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Tampa's Kress Building is still structurally sound
By CHRISTIAN M. WADE [email protected]
The Tampa Tribune
Published: June 26, 2009

TAMPA - The façade is deteriorating, the paint is peeling and the roof is leaking, but the landmark former Kress Building is not at risk of collapsing, city officials said.

In a memo to city council members, Jake Slater, director of Tampa's code-enforcement and business-tax division, said the city's most recent inspection of the vacant building found no "imminent threat of structural failure" despite its dilapidated appearance.

Slater said the building's owners have been reluctant to allow regular inspections, which has complicated efforts by code enforcement to check for structural deficiencies.

"Attorneys representing the owners of the building have made it clear that no further interior inspections of the property will be allowed until further notice," he wrote.

The owners, Doran Jason Group, are facing a litany of code fines for failing to fix up the building. In January, the city's four-member code-enforcement board found the owners guilty of code violations, but gave them until July to resolve the problems.

The building on Franklin Street used to house the S.H. Kress department store.

In September, the city council created an emergency fund with $100,000 available for owners of the building to make repairs. But the fund offers loans, not grants, and so far the owners have not asked for financial help from the city.

The loss of the 95-year-old landmark Gary Adult School last year highlighted the plight of Kress and other historic downtown buildings, many of which have been neglected.

Reporter Christian M. Wade can be reached at (813) 259-7679.

http://www2.tbo.com/content/2009/jun/26/na-tampas-kress-building-is-still-structurally-sou/
 

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^That might be what happens in July.

The owners, Doran Jason Group, are facing a litany of code fines for failing to fix up the building. In January, the city's four-member code-enforcement board found the owners guilty of code violations, but gave them until July to resolve the problems.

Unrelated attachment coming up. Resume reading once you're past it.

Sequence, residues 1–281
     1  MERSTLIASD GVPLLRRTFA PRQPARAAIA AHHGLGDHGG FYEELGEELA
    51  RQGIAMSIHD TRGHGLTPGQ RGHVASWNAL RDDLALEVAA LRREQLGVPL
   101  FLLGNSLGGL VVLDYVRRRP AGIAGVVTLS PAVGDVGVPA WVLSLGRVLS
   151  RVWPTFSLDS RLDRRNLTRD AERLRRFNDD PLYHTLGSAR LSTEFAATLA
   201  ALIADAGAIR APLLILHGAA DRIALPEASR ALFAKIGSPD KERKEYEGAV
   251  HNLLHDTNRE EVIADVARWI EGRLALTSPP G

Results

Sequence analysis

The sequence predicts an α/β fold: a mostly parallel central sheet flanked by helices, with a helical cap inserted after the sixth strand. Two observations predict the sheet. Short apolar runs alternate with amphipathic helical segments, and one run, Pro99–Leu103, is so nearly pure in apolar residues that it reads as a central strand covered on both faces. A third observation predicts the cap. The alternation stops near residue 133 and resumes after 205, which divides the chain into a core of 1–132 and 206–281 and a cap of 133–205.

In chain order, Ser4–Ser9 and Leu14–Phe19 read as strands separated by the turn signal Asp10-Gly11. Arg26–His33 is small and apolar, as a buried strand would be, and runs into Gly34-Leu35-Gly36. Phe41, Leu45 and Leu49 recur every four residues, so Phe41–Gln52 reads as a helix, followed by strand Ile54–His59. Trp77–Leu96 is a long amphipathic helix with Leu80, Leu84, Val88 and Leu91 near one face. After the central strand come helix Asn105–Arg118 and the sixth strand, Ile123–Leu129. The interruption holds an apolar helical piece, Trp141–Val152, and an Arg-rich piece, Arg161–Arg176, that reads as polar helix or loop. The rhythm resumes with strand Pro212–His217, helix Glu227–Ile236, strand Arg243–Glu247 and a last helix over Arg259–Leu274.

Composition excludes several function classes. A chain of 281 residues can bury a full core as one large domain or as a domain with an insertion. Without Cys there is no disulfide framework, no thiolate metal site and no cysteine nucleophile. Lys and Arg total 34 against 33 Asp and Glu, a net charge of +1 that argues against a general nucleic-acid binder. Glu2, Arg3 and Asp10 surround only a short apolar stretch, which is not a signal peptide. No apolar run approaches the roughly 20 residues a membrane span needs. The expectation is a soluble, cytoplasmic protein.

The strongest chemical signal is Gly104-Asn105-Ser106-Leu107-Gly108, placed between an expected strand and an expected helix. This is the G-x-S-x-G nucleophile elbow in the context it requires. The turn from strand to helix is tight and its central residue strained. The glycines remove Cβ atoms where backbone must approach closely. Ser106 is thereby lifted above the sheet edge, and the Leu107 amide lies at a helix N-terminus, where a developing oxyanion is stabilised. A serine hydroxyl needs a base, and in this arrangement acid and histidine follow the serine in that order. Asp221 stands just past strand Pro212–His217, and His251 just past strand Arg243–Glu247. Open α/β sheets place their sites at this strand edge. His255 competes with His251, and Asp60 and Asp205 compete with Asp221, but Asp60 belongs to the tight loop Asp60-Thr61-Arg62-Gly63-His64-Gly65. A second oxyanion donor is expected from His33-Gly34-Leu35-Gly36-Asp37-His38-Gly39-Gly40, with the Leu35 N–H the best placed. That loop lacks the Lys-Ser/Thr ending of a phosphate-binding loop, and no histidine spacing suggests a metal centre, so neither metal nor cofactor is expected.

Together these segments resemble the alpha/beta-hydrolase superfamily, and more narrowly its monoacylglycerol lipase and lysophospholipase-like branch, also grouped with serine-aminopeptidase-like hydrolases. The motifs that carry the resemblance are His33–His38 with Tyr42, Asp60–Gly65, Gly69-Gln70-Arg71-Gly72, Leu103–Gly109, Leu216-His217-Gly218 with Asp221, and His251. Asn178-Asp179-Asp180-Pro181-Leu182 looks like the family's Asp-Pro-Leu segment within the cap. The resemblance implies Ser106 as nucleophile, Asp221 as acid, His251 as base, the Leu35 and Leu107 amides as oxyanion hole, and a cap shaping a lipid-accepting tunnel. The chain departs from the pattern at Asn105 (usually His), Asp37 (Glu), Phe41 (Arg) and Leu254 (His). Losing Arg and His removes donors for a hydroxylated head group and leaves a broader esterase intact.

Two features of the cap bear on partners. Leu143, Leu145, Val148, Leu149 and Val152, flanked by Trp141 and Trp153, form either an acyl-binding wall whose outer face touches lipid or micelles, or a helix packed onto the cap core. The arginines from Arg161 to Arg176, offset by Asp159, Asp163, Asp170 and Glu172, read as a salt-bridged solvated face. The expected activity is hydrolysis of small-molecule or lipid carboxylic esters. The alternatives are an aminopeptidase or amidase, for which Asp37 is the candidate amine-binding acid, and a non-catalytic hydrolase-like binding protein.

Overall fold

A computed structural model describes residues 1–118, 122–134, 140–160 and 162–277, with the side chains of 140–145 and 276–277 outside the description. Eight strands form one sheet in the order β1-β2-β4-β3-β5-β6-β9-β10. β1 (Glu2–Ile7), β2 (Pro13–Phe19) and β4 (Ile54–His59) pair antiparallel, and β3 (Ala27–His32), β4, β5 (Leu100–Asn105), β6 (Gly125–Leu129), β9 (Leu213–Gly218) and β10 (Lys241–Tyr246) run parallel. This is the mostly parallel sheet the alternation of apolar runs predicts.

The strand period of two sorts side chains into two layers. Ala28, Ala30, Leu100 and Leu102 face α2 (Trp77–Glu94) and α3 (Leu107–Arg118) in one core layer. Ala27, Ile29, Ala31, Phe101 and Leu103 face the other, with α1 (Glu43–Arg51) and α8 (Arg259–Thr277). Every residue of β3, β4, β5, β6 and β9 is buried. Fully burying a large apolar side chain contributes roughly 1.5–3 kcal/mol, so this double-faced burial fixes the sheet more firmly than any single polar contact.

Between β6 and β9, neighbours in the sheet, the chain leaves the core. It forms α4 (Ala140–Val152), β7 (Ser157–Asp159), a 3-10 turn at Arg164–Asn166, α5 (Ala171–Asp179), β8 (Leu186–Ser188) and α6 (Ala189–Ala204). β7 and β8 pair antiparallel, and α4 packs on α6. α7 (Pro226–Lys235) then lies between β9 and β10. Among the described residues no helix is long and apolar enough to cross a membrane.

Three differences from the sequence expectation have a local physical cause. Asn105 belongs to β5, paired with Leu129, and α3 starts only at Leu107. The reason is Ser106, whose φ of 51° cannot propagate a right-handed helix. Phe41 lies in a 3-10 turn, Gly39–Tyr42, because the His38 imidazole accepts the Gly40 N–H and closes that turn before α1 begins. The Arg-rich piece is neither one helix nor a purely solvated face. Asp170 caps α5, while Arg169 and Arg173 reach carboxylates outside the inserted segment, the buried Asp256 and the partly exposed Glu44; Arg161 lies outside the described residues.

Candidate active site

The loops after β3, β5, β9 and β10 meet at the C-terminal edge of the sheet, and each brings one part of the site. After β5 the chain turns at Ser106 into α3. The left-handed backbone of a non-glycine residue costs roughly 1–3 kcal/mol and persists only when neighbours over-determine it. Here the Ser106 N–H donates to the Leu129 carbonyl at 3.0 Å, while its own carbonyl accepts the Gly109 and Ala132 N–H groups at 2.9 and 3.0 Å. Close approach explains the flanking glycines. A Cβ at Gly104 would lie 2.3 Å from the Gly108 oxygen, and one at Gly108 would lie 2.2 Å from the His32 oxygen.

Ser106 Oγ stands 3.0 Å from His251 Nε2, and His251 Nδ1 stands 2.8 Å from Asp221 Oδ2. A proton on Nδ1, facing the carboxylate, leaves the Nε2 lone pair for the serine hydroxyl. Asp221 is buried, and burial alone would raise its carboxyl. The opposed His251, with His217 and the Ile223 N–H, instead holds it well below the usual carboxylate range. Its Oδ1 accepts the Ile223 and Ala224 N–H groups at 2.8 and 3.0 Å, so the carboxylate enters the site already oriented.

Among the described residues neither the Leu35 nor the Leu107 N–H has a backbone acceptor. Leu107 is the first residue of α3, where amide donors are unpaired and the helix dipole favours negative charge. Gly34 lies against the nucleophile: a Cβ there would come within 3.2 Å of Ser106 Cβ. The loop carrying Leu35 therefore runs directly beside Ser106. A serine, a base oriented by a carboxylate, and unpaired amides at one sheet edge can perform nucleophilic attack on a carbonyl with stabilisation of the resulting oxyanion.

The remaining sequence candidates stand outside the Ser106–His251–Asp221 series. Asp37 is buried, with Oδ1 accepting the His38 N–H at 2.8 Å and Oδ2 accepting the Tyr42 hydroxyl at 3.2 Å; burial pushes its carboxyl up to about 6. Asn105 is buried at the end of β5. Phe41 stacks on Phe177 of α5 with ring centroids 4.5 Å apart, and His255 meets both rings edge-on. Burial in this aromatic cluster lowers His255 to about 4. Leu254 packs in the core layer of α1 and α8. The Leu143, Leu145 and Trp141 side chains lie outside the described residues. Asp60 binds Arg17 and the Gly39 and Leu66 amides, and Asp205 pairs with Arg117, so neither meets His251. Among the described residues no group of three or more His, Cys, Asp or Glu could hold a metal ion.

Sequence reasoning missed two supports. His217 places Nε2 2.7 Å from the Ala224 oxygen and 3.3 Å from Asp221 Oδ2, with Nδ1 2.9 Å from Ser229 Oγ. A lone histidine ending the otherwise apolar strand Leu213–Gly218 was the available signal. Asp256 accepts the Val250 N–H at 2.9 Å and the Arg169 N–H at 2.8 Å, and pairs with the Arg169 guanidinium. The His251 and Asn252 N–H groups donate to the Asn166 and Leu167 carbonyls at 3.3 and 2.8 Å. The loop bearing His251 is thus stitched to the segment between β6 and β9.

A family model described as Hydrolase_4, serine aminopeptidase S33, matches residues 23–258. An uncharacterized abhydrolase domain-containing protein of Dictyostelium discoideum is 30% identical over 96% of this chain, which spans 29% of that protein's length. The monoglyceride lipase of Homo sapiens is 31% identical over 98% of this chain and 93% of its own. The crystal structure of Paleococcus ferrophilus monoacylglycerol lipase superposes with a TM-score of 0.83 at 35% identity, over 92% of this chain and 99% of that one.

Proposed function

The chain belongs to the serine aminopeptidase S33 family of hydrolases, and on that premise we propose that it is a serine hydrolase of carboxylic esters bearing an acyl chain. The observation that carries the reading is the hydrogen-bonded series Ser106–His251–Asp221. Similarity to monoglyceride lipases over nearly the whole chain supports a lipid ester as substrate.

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It's amazing to me that the city has the power to condemn property and seize it under the guise of "eminent domain" yet they somehow don't re-write the rules to do the same for historic preservation??? Why not force the owners to do something within "X" amount of time and if not, the city takes over. These buildings and other areas should also be seen as public property IF the owners are not keeping them up. It's rediculous that this particular building has been an eyesore for years and no one is being TRULY held responsible. The term neglect is an understatement!
 

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You can't just take it. You have to pay for it - and there is a law that does not allow taking property for a private purpose, which is not eminent domain anyway. If the city was going to use it they probably could get it, but they have to pay fair market value - which, with these folks, would likely involve litigation too
 

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According to the Draft Agenda for Tampa's City Council meeting on the 6th, the Department of Code Enforcement went to Element recently to view if the Kress building had any holes in the roof.

Wonder what will happen if everything looks fine. They city should be on their asses trying to get this redeveloped.
 

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I wonder if there are any actual plans on the table or if the city is just planning what to do.
 

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It is a bit odd that the city is being barred from inspecting the building.
 
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